Despite a global pandemic and a drought, The Mudder is returning for another year to push people's stamina to the limits.
The annual event is now in its sixth year with a third of the 600 tickets sold.
"There seems to be a stronger appetite for people to get out there for a day out in the country after being locked up," organiser Andrew Stewart said.
The course is on Stewart and his wife Kylie's sheep and beef farm. It starts at their Rangitīkei Farm Stay Woolshed 12km north of Marton, and there are 3km, 5km and 8km options.
Although a lot of the obstacles are kept a secret until the day, participants can expect the course to be built around natural resources on the farm including a floating island to crawl over, bogs to wade through and hills to climb.
And of course a whole lot of mud.
Stewart said they tried to improve the course every year to give both new and returning participants a new challenge.
"Most of the North Island has been in quite a bad drought and we've had quite a bit of rain recently but we're a lot drier than we should be this time of year but the mud is certainly building and I'm 100 per cent confident that we can deliver a whole lot of mud on event day because that's the reason why we have it in the middle of September."
This year they will be joined by Dr Tom Mulholland, known to many as 'Dr Tom on a mission.'
The ex-ED doctor who has also had experience as an entrepreneur, CEO and a stand-up comedian, now spends his time travelling around New Zealand in his ambulance working with businesses and communities discussing mental, physical and spiritual health.
He also encourages people to download his KYND app to get the results they want and need around their health.
Stewart said Mulholland has been with them on their farm helping them and their employees for the last month.
"He strengthens our message that we've had for the last few years, just pushing the message around mental health and how it can be helped by exercise."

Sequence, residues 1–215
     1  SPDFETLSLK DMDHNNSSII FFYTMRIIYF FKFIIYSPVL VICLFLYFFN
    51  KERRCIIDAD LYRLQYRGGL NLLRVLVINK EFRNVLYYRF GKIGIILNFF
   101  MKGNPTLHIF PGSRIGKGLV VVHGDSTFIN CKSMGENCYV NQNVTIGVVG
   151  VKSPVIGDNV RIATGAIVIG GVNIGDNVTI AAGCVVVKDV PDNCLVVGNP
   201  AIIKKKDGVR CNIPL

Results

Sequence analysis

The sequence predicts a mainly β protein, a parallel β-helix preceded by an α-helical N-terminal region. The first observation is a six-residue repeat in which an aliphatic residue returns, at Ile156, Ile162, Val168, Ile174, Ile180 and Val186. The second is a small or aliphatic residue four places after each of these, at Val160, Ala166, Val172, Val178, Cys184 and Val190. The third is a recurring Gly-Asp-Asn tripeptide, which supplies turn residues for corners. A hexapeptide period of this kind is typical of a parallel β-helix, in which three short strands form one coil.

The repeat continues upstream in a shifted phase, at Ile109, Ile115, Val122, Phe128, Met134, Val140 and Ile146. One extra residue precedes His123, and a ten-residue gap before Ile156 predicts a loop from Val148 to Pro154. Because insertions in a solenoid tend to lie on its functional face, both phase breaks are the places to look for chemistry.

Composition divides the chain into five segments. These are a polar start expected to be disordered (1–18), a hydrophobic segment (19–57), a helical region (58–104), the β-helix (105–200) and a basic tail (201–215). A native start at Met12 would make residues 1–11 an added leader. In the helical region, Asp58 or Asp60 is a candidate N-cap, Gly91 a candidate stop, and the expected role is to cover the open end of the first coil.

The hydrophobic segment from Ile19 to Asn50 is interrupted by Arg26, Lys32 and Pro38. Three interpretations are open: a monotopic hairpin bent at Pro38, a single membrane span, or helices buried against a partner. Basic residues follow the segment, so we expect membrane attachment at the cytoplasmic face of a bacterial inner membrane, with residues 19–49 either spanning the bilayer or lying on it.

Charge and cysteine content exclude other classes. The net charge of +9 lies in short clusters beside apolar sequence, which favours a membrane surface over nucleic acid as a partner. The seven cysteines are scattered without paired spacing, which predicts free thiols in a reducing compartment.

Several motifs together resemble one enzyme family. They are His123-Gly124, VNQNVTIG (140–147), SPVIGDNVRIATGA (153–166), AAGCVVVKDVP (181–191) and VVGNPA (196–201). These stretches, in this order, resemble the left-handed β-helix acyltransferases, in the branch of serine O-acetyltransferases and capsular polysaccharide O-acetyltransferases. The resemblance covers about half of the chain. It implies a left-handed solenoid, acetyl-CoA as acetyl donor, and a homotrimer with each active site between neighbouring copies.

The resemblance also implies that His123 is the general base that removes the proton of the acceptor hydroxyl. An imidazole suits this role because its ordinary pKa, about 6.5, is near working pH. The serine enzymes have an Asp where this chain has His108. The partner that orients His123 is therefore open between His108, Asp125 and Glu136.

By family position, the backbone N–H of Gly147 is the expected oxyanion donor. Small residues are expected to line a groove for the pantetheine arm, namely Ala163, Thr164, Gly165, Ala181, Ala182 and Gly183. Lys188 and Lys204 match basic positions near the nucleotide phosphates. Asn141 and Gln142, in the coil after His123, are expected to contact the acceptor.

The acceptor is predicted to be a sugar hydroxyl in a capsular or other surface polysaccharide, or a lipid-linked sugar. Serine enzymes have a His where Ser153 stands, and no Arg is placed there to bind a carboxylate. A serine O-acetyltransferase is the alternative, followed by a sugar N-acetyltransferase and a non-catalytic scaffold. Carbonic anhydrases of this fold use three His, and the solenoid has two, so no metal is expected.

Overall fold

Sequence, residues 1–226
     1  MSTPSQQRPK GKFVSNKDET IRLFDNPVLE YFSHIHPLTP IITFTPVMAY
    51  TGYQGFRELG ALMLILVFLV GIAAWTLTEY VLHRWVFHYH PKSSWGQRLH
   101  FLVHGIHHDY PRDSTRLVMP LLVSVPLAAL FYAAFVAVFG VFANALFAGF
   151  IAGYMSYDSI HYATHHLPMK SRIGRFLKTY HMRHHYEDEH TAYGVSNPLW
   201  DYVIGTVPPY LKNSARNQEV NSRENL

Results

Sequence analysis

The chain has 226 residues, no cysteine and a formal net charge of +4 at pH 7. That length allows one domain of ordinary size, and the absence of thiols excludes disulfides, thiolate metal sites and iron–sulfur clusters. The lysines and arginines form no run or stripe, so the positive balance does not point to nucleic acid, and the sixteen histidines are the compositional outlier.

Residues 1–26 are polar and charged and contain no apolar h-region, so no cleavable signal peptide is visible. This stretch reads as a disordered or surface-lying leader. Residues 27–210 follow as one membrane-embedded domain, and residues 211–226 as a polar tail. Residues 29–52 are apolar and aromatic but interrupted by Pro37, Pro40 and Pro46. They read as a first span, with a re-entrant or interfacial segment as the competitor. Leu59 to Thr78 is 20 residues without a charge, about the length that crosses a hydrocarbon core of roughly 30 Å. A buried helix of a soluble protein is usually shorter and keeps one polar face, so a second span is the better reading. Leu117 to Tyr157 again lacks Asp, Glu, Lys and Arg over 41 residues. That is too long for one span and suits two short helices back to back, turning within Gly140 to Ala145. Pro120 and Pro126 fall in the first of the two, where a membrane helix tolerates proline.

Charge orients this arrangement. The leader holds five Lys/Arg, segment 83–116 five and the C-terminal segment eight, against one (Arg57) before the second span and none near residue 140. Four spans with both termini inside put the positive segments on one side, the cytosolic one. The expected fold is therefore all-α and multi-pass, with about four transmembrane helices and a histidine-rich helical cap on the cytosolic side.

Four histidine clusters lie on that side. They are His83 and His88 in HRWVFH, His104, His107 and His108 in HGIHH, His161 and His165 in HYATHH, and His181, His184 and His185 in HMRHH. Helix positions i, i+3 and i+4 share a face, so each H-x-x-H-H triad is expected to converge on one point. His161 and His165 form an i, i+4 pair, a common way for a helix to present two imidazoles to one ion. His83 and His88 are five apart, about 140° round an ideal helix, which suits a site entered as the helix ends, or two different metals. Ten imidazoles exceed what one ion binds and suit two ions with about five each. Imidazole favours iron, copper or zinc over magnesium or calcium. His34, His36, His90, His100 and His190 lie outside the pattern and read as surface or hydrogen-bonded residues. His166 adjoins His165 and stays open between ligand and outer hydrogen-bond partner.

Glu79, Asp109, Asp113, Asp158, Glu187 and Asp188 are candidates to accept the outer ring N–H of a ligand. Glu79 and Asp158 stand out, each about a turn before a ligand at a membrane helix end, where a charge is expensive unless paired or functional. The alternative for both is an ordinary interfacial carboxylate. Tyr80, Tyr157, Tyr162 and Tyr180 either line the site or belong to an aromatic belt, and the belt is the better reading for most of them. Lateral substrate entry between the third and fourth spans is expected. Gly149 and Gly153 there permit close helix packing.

Costumes are strongly encouraged once again and for the second consecutive year none of the participants will be timed and everyone will receive a participation medal when they cross the finish line.
Stewart said they were nervous last year to take away the timing aspect as they did not want to disappoint people but they received a positive response and everyone loved their unique medals.
He said the key motivator for them to keep creating the event is seeing people come out, have a lot of fun and forget about the stresses of their daily lives.
"People who come have such a great day out, either by themselves or with a group friends, getting dressed up and having a heap of laughter and there's just that really good feeling about an event that's the rewarding thing for us because we get to see it first hand as they go around.
"At the end, a lot of people come up and thank us and tell us their stories.
"It might be the first time they've exercised, they might have been through some pretty bad stuff in their life and this has turned a corner for them so it's those powerful messages we get year after year."
The event will be held on September 19 and tickets can be purchased through https://www.themudder.co.nz/